Lost Maya Cities: Archaeological Quests in the Mexican Jungle

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Texas A&M University Press, 2020 - Biography & Autobiography - 324 pages

Hailed by The Guardian and other publications as "a real-life Indiana Jones," Slovenian archaeologist Ivan Sprajc has been mapping out previously unknown Mayan sites in Mexico's Yucatán Peninsula since 1996. Most recently, he was credited with the discovery of the Chactún and Lagunita sites in 2013 and 2014, respectively, helping to fill in what was previously one of the largest voids in modern knowledge of the ancient Maya landscape: the 2,800-square-mile Calakmul Biosphere Reserve in central Yucatán.

Previously published in Sprajc's native Slovenian and in German, this thrilling account of machete-wielding jungle expeditions has garnered enthusiastic reviews for its depictions of the efforts, dangers, successes, and disappointments experienced as the explorer-scientist searches out and documents ancient ruins that have been lost to the jungle for centuries. A skilled communicator as well as an experienced scholar, Sprajc conveys in eminently accessible prose a wealth of information on various aspects of the Maya culture, which he has studied closely for decades.

The result is a deeply personal presentation of archaeological research on one of the most enigmatic civilizations of the ancient world. Generously illustrated, this book follows the chronology of Sprajc's discoveries, focusing on what he considers the most interesting episodes. Those who specialize in Mesoamerican prehistory and archaeology will certainly relish Sprajc's reports concerning his many field surveys and the discoveries that resulted. General readers, too, will enjoy his accounts of previously undocumented sites, ancient urban centers overtaken by the jungle, massive sculpted monuments, and mysterious hieroglyphic inscriptions.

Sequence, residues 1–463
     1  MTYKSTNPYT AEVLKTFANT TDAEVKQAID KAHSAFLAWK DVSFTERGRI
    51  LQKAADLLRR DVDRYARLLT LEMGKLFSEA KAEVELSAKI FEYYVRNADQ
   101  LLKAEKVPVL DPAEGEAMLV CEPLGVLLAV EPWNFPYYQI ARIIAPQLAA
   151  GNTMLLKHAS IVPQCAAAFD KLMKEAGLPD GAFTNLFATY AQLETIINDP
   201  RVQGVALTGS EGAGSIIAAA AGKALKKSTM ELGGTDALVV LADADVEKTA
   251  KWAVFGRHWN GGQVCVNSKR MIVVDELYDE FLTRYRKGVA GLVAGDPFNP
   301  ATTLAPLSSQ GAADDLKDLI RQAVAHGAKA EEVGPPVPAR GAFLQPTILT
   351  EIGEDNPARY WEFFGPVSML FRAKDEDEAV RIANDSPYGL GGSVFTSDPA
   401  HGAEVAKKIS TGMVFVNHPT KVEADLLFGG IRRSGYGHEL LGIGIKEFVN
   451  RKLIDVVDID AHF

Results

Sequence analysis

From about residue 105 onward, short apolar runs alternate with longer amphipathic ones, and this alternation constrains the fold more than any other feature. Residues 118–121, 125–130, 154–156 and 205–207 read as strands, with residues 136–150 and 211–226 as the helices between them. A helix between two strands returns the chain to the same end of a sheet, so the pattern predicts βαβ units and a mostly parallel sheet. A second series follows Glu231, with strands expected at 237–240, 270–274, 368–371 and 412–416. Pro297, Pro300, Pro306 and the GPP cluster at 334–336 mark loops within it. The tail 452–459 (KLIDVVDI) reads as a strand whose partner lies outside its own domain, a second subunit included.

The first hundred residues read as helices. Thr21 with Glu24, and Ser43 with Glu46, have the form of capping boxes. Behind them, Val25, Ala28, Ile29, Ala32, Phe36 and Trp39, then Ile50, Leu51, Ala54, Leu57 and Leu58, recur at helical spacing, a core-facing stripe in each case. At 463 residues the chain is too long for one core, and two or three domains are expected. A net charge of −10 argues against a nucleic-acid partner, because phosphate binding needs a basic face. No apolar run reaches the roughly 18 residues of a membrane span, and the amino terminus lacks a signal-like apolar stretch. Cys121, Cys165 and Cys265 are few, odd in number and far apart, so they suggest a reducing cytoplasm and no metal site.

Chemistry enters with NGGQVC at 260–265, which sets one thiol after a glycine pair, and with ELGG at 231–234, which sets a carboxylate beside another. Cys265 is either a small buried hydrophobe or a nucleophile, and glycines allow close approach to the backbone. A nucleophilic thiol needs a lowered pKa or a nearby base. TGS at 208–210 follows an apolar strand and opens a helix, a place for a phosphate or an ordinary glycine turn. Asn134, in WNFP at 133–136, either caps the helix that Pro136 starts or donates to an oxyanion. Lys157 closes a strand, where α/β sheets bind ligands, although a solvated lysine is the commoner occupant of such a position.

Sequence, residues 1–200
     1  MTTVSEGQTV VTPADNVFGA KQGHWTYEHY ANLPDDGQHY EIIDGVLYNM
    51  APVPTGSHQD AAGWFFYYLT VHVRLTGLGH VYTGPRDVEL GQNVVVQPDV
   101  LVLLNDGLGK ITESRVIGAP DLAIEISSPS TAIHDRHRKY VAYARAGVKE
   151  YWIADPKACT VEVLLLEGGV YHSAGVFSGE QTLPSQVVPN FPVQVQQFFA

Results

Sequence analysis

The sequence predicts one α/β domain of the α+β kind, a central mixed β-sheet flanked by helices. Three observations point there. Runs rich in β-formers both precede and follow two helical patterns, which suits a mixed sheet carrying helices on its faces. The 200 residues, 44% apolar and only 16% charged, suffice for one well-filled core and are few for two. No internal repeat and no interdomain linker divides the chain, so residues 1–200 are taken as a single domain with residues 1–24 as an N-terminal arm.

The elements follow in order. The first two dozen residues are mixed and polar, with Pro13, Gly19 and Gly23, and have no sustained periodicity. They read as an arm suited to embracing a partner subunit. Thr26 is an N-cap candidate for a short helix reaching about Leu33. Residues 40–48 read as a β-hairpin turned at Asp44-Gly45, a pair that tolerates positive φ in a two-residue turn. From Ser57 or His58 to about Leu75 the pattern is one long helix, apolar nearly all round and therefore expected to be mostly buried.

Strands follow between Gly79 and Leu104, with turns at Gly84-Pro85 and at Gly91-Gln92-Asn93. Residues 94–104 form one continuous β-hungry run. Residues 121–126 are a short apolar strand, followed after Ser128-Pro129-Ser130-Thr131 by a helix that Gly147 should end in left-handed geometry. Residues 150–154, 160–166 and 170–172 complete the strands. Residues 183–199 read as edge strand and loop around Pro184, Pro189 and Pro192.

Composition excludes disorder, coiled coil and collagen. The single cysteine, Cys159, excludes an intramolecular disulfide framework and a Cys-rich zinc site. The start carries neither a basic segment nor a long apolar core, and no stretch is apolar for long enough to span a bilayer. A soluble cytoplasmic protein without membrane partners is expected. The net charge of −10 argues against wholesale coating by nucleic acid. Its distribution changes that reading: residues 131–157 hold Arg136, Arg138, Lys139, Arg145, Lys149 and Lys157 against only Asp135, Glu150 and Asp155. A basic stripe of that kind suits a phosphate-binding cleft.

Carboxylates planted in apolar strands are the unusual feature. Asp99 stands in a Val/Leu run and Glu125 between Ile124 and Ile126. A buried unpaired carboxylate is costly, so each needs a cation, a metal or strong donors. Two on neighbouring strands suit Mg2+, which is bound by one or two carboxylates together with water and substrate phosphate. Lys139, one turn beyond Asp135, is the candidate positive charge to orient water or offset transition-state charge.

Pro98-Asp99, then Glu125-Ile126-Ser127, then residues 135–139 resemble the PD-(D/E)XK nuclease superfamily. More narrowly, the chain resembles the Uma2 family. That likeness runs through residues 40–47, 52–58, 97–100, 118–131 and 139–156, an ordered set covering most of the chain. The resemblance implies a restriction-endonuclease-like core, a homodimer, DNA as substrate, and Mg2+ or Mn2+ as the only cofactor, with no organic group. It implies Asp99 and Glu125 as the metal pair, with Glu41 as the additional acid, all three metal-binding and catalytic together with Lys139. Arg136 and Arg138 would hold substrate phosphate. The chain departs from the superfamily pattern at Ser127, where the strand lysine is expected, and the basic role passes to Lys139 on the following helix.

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About the author (2020)

IVAN Sprajc is professor of archaeology at the Research Center of the Slovenian Academy of Sciences and Arts (ZRC SAZU), Ljubljana, Slovenia. He has been directing archaeological work in the Yucatán Peninsula of Mexico since 1996

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